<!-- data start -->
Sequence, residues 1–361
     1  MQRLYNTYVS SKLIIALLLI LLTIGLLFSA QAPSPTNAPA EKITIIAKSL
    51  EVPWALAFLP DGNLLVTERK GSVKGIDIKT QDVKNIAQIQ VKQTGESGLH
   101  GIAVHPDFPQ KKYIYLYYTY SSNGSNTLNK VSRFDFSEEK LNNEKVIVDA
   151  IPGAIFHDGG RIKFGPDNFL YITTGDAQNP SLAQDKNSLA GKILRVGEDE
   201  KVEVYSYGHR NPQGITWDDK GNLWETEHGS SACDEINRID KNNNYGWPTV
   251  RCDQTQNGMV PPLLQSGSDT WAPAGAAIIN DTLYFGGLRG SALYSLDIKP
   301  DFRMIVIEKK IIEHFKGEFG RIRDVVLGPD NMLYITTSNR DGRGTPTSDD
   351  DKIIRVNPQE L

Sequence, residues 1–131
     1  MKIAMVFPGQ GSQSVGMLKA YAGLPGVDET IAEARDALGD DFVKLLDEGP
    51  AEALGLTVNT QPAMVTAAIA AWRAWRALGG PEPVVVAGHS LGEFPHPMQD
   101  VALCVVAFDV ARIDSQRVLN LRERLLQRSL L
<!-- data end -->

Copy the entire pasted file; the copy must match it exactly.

Sequence, residues 1–361
     1  MQRLYNTYVS SKLIIALLLI LLTIGLLFSA QAPSPTNAPA EKITIIAKSL
    51  EVPWALAFLP DGNLLVTERK GSVKGIDIKT QDVKNIAQIQ VKQTGESGLH
   101  GIAVHPDFPQ KKYIYLYYTY SSNGSNTLNK VSRFDFSEEK LNNEKVIVDA
   151  IPGAIFHDGG RIKFGPDNFL YITTGDAQNP SLAQDKNSLA GKILRVGEDE
   201  KVEVYSYGHR NPQGITWDDK GNLWETEHGS SACDEINRID KNNNYGWPTV
   251  RCDQTQNGMV PPLLQSGSDT WAPAGAAIIN DTLYFGGLRG SALYSLDIKP
   301  DFRMIVIEKK IIEHFKGEFG RIRDVVLGPD NMLYITTSNR DGRGTPTSDD
   351  DKIIRVNPQE L

Sequence, residues 1–131
     1  MKIAMVFPGQ GSQSVGMLKA YAGLPGVDET IAEARDALGD DFVKLLDEGP
    51  AEALGLTVNT QPAMVTAAIA AWRAWRALGG PEPVVVAGHS LGEFPHPMQD
   101  VALCVVAFDV ARIDSQRVLN LRERLLQRSL L